It’s apparently a known issue with the viewer:

    http://wiki.phoenixviewer.com/skydrive

    (And, in fact, other V3 viewers as well: https://jira.secondlife.com/browse/VWR-28843)

    The solution seems to be editing registry keys, which I’m going to hold off on doing, hoping that the next update fixes this.

    • SignpostMarv Martin

      Just curious how well firestorm preforms under a virtual machine on a system that provides access to GPU hardware. A slightly more complicated workaround to editing one’s registry, perhaps 😛

  • Fleep Tuque

    I still primarily use Imprudence simply because all of the v3 viewers feel laggy and crashy by comparison, including Firestorm. I don’t have an old junky PC either! With 12G RAM and pretty good video card, you’d think the v3 viewers wouldn’t phase me, but alas, not so. I always find myself wondering how anyone gets anything done with them because I seem to spend half my time relogging. I dunno, maybe it’s my particular machine.

    Maybe I’ll try Firestorm again, I am SUPER happy they’ve added Opensim support, so want to support and encourage that either way. Many thanks to the Firestorm team for all the hard work I’m sure that requires – know that it’s appreciated!

    • WesternPrairie

      Same here, firestorm and Harper both seem more sluggish than imprudence, and they use a lot more resources.

      Last time I checked they were using around 50% of the machine’s processors and ram if I remember right, and I have a 2 x 2 GHz Dual-core intel Xeon mac with 12 gb of ram. On a laptop I remember the viewer alone on it’s lowest settings was using about 50% of that, viewers use a lot of system resources to begin with, but firestorm and harper both seemd to use more.

      I have used imprudence 1.3.2 for a long time, it has no issues with high prim builds, I have a 9,000 + prim building on one region I built with it. It’s been real stable and unlike the mac firestorm- it doesn’t have that streaming music bug.

  • You say Firestorm is a “modern” viewer as though Phoenix, Singularity, Cool VL Viewer, and Imprudence aren’t. The only appreciable difference between the latest versions of Singularity and Phoenix and the crashtastic mess that is Firestorm is the graphic user interface (GUI). If we compare Firestorm to Phoenix and Singularity, all three have mesh capability, some degree of wearing multiple layers, and other features common to the current Linden Lab viewer. But with Firestorm you get a much noticeably lower frame rate, more crashes, fonts that actually hurt many users’ eyes, and a user interface that literally requires hours of special training simply to learn how to use. Small wonder it is behind Phoenix for popularity. The only reason it now claims the #1 spot for most-used viewer is that the developers stopped offering updates to Phoenix, which was always superior both in terms of graphics, stability, and ease of use. To claim that viewers based on the V1 GUI are somehow outmoded even as those viewers continue to be updated with V3 features is dishonest.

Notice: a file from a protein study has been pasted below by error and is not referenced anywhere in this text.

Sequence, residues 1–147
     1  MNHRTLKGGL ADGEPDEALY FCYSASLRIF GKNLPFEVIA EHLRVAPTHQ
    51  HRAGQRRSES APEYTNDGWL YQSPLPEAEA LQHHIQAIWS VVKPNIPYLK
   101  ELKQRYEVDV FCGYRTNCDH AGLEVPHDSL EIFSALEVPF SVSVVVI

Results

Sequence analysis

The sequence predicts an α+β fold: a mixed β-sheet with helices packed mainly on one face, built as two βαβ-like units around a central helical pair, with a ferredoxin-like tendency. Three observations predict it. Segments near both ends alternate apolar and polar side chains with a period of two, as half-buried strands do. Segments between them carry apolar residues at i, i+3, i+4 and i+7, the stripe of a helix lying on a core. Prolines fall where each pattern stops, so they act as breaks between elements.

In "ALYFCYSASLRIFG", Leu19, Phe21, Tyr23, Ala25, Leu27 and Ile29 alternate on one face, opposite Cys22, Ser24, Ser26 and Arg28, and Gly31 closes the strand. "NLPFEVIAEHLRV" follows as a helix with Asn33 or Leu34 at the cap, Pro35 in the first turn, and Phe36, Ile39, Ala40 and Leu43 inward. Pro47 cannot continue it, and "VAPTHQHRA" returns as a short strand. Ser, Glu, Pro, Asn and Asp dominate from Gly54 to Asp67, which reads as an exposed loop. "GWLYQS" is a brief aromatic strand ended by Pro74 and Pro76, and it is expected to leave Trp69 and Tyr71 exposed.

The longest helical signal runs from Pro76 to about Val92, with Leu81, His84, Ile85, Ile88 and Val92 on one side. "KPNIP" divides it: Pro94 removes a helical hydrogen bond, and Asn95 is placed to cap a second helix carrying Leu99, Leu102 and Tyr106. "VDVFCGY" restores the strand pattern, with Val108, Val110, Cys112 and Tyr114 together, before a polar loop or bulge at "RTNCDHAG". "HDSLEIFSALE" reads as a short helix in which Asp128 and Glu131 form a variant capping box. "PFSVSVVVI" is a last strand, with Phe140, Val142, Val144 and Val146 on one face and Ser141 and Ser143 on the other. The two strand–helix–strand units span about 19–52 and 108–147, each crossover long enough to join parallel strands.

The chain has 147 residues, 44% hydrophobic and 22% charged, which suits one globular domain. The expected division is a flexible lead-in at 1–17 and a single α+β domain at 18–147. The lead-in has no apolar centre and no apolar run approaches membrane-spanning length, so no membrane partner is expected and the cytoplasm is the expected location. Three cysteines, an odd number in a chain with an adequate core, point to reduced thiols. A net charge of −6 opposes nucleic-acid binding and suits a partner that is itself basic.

Now that Phoenix has been abandoned, I predict that Singularity and Cool VL will eventually rise to take the top spot for most-used SL viewer. They continue to be updated to include the latest features, are far more stable, are much easier to use, and best of all, have developers who don’t continually insult their user bases.

    • pat

      Firestorm is not able to deal correctly with voice, music & movies. Something LL viewer does perfectly (quite normal in a multimedia game….)

      Firestorm quality is not consistent too : something bad & some good. Avatar rezzing as become too slow with firestorm, so now I use LL viewer. No more crashes and time lost

      • Benjamin Eugene NElson

        This is no longer true, a year later. All of it.

        And frankly, I wonder if it’s not your computer and/or connection.

    • Guest

      That’s funny, I’ve never crashed in Phoenix and I’ve been using it since it was Emerald. Sure it’s not your computer?

  • Cool VL Viewer will soon have ‘Media-On-A-Prim’ capability: http://sldev.free.fr/forum/viewtopic.php?f=3&t=81&view=unread#p4411

  • Bri Hasp

    Singularity is my daily viewer of choice because it is the only, TMK, that gives me the criteria I require. — 1) Viewer 1 UI, — 2) Viewer 3 features — 3) Stability — 4) Speed.
    Having used about every offering available, I only retain Imprudence, Niran and Dolphin loaded for testing and special situations.

  • Vbinnia Radek

    Realise this is old news but felt the urge to comment on it. I have to agree with Michael’s and Fleep’s comments about Firestorm. I had to move away from Imprudence because I wanted to experiment with mesh. I don’t like the SL viewer interface, or Firestorm’s, even with the retro interface engaged ( that is all phrased to try and be polite ). But the problems go way beyond that. I for my sins, use Debian Linux of various flavours on a quad core CPU and GTX550 Ti graphics card with the latest proprietary drivers, no slouch of a PC and shouldn’t have many problems with modern viewers. I also run my own server with 5 regions attached to OSGrid, which is an advantage when it comes to evaluating these viewers.

    The reality is not encouraging. This is my experience in brief. Imprudence is snappy to use even with the graphics set a high as possible, always returned around 30-40 fps mark with the occasional dip to the top teens, rarely crashed, but does have issues with inventories occasionally as well as animations. As I have more than one PC that I can run simultaneously it’s possible to log in with an alt at the same time to observe how other people would see what is going on; that can be quite revealing.

    Firestorm immediately cause me problems because of a font library that makes it crash on start up. Without going into details this has taken me 6 weeks to find a solution, and then only by chance. Being forced to install an older version of my OS in a spare corner of my hard drive just to be able to import meshes until I could find a proper solution did not make me happy.